The Fan Hitch Volume 6, Number 3, June 2004

Journal of the Inuit Sled Dog

Table of Contents

Editorial: Who Are You and What Do Want?
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Fan Mail
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F.I.D.O.: Ludovic Pirani
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Geronimo's Travels
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The Breeding and Maintenance of Sledge Dogs: Part I
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How We Met Tom
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Dog Yard Tips
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Setting a New Standard
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In the News
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Behavior Notebook: Qiniliq and Sunny
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IMHO: Unnecessary Roughness


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Ordering Ken MacRury's Thesis

Our comprehensive list of resources

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ISDI home page


Editor's/Publisher's Statement
              Editor: Sue Hamilton
              Webmaster: Mark Hamilton
The Fan Hitch Website and Publications of the Inuit Sled Dog– the quarterly Journal (retired in 2018) and PostScript – are dedicated to the aboriginal landrace traditional Inuit Sled Dog as well as related Inuit culture and traditions. 

PostScript is published intermittently as material becomes available. Online access is free at: http://thefanhitch.org  PostScript welcomes your letters, stories, comments and The editorial staff reserves the right to edit submissions used for publication.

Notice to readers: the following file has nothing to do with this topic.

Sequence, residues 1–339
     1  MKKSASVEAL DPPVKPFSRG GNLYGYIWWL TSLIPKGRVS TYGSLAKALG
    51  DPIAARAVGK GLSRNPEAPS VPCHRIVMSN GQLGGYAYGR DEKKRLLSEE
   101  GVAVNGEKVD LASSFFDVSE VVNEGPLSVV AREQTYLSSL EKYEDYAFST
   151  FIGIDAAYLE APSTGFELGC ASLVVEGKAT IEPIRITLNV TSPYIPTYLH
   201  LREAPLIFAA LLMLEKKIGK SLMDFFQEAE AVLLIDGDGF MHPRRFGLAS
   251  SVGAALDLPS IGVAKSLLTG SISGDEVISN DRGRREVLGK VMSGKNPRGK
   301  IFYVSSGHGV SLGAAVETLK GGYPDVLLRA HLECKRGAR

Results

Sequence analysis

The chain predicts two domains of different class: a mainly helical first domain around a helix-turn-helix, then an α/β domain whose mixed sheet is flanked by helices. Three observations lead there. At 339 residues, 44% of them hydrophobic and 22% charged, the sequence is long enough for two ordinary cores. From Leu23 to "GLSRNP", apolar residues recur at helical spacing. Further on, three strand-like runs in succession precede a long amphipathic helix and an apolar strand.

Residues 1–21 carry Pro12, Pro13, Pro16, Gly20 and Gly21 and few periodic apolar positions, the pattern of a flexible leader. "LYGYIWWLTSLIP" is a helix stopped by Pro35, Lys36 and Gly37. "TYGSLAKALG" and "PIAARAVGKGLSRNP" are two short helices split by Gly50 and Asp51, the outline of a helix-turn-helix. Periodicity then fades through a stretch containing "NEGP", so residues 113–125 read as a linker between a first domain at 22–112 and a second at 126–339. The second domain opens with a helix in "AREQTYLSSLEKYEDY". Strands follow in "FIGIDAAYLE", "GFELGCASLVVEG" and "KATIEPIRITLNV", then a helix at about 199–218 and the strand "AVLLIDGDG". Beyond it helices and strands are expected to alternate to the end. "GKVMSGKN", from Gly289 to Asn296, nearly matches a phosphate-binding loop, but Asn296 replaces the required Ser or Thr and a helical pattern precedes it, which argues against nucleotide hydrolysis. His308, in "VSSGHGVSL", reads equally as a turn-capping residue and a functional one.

Contents of The Fan Hitch Website and its publications  are protected by international copyright laws. No photo, drawing or text may be reproduced in any form without written consent. Webmasters please note: written consent is necessary before linking this site to yours! Please forward requests to Sue Hamilton, 55 Town Line Rd., Harwinton, Connecticut  06791, USA or mail@thefanhitch.org

"A man's got to know his limitations." 
"Dirty" Harry Callahan, from the 1973 movie Magnum Force
Fan Mail.....


Not exactly Southern California           Nunavut Tourism photo

4/06/04

hi, 

i am a college student born and living in southern california. i have fallen in love with these dogs. i read about them and saw their pictures on a Smithsonian magazine article, and now i can't stop looking for photos and information about them on the internet. please tell me there is an affordable way to own one of these. i have to have one! write back

thank you,
j. c.
 

Greetings,

Your question about the cost of these dogs is a few steps ahead of the more basic questions you need to ask both of me and yourself. Why do you want to own this breed? Are you in a position to fulfill all the needs of an ISD, including its need to work as a sled dog? Assuming your plans do not include relocating to a more suitable climate than Southern California, do you think that keeping an ISD at that latitude is in the best interest of an ISD? In case you haven't yet had a chance to read through the wealth of material in the ISDI and The Fan Hitch journal pages, you will find it said on many occasions that the Inuit Sled Dog is NOT a pet. It is, just as a draft horse on a farm, a working animal. And although this dog, when properly raised, is very social to humans, its temperament is still that of a working animal, which makes it unsuitable for other lifestyles.

It is easy to understand how the Inuit Sled Dog attracts much attention and admiration by anyone who appreciates its natural beauty, athleticism and incredible work ethic. This image of the breed must be balanced against "owning a tiger by the tail". The very qualities that fascinate us also make the Inuit Sled Dog often difficult to manage, even under the best of circumstances and by experienced owners.

I am happy to answer any of your questions regarding the keeping and use of ISDs if this will help you to decide if an ISD is right for you and the breed.

Sue
 

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